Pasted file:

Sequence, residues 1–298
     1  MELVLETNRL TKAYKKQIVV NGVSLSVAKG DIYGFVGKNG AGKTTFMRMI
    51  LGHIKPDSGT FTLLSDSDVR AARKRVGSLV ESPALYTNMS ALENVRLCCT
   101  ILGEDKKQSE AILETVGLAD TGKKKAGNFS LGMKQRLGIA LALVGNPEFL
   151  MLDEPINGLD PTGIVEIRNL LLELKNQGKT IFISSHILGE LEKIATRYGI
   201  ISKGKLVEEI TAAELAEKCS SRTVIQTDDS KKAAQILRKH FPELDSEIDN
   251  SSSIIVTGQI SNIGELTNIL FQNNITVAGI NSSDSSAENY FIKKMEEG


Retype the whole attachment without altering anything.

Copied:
Sequence, residues 1–298
     1  MELVLETNRL TKAYKKQIVV NGVSLSVAKG DIYGFVGKNG AGKTTFMRMI
    51  LGHIKPDSGT FTLLSDSDVR AARKRVGSLV ESPALYTNMS ALENVRLCCT
   101  ILGEDKKQSE AILETVGLAD TGKKKAGNFS LGMKQRLGIA LALVGNPEFL
   151  MLDEPINGLD PTGIVEIRNL LLELKNQGKT IFISSHILGE LEKIATRYGI
   201  ISKGKLVEEI TAAELAEKCS SRTVIQTDDS KKAAQILRKH FPELDSEIDN
   251  SSSIIVTGQI SNIGELTNIL FQNNITVAGI NSSDSSAENY FIKKMEEG